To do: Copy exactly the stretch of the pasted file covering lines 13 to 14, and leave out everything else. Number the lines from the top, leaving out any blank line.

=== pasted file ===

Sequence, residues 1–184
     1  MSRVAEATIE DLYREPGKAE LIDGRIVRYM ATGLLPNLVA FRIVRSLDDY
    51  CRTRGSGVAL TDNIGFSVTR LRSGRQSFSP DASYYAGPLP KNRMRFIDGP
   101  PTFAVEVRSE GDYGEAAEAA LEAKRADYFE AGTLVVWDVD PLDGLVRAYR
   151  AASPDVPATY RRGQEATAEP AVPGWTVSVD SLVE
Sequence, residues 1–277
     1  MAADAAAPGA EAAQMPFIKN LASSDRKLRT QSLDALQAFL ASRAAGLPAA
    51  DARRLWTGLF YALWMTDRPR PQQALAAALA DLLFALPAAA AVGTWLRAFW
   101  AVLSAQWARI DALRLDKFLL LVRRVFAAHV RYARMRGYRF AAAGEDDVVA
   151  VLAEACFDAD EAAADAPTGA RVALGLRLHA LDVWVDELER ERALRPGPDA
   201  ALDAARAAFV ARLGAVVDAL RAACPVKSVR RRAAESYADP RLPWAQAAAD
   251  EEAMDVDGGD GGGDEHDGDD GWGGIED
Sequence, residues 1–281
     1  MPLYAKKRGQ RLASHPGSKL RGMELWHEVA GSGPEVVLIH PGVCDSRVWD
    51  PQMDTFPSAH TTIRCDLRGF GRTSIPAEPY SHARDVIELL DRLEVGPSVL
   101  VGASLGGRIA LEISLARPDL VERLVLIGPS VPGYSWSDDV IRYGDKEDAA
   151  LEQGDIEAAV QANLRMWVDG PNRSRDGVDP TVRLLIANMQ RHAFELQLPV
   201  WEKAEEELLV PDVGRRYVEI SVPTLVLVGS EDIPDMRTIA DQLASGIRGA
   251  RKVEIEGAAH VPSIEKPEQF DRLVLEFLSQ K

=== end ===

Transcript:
Sequence, residues 1–281
     1  MPLYAKKRGQ RLASHPGSKL RGMELWHEVA GSGPEVVLIH PGVCDSRVWD